Since the event, I've had some e-chats with Hammer Nutrition people and have done a bunch of online searching, trying to understand what might have happened from a chemical perspective. We're all in agreement that the little granules were the l-carnitine amino acid having reacted to exposure to moisture - it's hydroscopic. That wouldn't have caused nausea though.

That leaves us with the carbohydrate and protein. The fuel wasn't exposed to heat, so the idea of some sort of negative denaturing effect of the protein doesn't hold up - and many proteins are denatured anyway (e.g., cooking an egg) with no ill effects to humans.

So, the best theories at the moment suggest that (1) the protein was degrading slowly over time, which caused the ill effects and/or (2) that the fuel was exposed to bacteria when initially broken open and likely increased with each subsequent opening. Bacteria would have fed off the sugars in the carbohydrates and perhaps somehow that could have caused an ill effect. The ill effect may have been caused by the fuel having less nutritional value (if the bacteria had consumed and converted many of the natural sugars my body needed as fuel) and/or may have been caused by the byproducts of this conversion - say if an acid was the byproduct of the bacterial process.

So, as of now, we still aren't sure of the chemical reactions that caused my pervasive nausea, but we feel confident it had to do with the container being excessively exposed to air/moisture. I certainly have no doubt that this fuel is still the one for me - nothing compares to its composition, in my experience. Switching to more 'simple' sugars during the later stages of the event made it more challenging to get the calories and nutrition necessary to keep my energy stable. But I will be more diligent about the storage of my product - and would not eat any "old" product that had been left open a long time or opened multiple times.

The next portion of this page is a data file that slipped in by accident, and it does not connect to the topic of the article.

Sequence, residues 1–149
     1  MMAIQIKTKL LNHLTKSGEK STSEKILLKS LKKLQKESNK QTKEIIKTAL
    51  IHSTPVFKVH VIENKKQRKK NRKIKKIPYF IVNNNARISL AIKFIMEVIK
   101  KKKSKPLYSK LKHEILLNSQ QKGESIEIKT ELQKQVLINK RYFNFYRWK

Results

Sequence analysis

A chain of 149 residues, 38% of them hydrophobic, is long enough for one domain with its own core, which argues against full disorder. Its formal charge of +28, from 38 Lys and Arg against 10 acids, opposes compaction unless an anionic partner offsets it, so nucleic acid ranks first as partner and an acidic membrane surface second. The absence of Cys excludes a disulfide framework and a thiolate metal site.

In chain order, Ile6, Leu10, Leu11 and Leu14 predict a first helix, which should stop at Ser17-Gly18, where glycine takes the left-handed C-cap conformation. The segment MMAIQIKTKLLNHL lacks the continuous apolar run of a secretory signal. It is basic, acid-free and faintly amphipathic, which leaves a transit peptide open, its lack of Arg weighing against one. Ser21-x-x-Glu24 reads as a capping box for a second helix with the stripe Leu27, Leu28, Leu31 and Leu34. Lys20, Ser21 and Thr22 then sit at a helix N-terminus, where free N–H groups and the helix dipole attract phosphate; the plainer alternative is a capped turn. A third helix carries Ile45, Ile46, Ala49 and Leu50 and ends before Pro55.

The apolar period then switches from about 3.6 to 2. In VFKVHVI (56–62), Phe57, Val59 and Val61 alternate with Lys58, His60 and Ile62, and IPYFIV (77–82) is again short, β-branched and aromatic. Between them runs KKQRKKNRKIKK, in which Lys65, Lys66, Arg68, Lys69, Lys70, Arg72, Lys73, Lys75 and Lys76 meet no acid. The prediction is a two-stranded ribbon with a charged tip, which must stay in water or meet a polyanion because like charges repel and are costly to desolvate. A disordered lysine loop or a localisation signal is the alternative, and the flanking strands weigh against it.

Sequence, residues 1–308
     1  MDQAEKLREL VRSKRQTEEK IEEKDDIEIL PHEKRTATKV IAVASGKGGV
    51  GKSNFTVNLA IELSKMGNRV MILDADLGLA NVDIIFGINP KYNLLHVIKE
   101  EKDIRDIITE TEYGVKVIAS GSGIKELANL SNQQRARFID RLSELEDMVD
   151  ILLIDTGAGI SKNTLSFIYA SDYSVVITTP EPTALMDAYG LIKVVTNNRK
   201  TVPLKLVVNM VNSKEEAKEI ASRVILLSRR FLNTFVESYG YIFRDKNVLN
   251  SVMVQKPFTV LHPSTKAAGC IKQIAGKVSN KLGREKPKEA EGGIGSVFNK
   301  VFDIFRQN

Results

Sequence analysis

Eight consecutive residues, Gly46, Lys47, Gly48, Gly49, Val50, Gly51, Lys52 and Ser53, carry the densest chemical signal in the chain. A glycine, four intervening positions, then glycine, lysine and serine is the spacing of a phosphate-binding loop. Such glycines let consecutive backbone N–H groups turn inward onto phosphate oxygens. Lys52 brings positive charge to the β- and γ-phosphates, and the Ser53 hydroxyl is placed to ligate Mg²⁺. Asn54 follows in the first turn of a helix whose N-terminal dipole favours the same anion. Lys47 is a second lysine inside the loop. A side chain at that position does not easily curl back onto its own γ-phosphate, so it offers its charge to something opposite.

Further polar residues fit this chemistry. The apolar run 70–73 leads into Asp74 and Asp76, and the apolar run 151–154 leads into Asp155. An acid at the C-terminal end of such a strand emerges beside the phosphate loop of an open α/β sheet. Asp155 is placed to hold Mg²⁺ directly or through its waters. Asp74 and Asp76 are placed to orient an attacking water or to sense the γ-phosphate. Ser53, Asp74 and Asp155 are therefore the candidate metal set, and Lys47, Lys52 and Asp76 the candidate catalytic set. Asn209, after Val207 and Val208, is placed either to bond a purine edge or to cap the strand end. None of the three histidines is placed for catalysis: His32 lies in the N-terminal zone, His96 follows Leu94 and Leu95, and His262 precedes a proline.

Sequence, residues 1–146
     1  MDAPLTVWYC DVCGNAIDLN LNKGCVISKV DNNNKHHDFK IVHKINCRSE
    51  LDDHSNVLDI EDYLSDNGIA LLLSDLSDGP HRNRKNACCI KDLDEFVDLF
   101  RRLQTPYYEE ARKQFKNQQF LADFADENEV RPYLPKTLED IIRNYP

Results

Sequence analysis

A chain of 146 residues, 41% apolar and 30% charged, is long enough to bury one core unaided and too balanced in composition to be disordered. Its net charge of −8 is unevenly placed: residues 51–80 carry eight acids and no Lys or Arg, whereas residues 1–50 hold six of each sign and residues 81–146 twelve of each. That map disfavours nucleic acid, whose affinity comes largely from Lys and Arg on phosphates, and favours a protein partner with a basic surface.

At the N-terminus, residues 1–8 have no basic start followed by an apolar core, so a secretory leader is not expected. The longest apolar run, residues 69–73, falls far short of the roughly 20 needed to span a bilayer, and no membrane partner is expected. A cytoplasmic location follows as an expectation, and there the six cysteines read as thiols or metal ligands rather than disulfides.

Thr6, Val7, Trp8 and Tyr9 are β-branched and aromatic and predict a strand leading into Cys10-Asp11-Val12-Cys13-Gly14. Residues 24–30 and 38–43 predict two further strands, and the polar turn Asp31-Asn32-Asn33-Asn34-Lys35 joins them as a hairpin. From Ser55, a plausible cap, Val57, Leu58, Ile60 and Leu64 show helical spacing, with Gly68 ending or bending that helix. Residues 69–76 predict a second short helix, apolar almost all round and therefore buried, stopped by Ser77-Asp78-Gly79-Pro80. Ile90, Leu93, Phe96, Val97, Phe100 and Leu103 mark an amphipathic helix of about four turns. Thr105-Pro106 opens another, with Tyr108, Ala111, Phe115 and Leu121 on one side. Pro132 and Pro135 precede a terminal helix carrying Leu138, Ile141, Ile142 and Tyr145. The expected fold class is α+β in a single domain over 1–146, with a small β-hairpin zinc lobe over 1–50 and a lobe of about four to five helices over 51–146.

As a last resort at the comp, Rolf suggested we try to "reset" my system by making me vomit. He wanted me to down a huge load of calories, expecting me to chuck it up, but I couldn't make myself. Instead, I was willing to try to "sprint" to make it happen. I went out and ran 4 fast laps, but nothing changed.

It seemed all my personal goals were gone. I had a chat to the team manager - Canada had no chance for a podium position - our girls were not having a good day. So there was no point in me continuing to slog around the course. We had worked the nausea for over 9 hours with no change. It had mentally beat me down and physically taken a toll on my pace. It was the most challenging thing for me to run with that discomfort for so long - completely inward-focused, I did not have the mental energy to cheer on my fellow runners. I felt completely selfish - often the most I could do was offer a quiet thumbs-up to others. Physically, I know what I'm capable of, so beating myself up further seemed pointless. Better to stop and let the body heal.

Now I'm really looking forward to my Bibbulmun Track FKT (fastest known time) attempt in about a month's time. I was then planning to race Coast to Kosciusko (C2K) in December to finish off the year. But as I sit back and consider where I want to go with my running over the next year, my heart's not in C2K at the moment. My heart's in the FKT and in getting back to running with my Perth-mates and getting my Perth Trail Series off the ground well. So that's where my energy will go for the next few months.

If anyone has a food chemistry/nutrition background and has further theories they might suggest for what happened with my ruined fuel, please send me a private message. I'd love to chat about it.

I'm coming home, Perth!

Addendum (June 2017): I returned to Perth and continued to have random nausea episodes, even when not working out. A blood test in late October 2011 revealed extremely low iron stores. The sports doc was surprised I wasn't totally fatigued all the time. I've been on Ferrograd-C iron ever since, monitored with regular blood tests.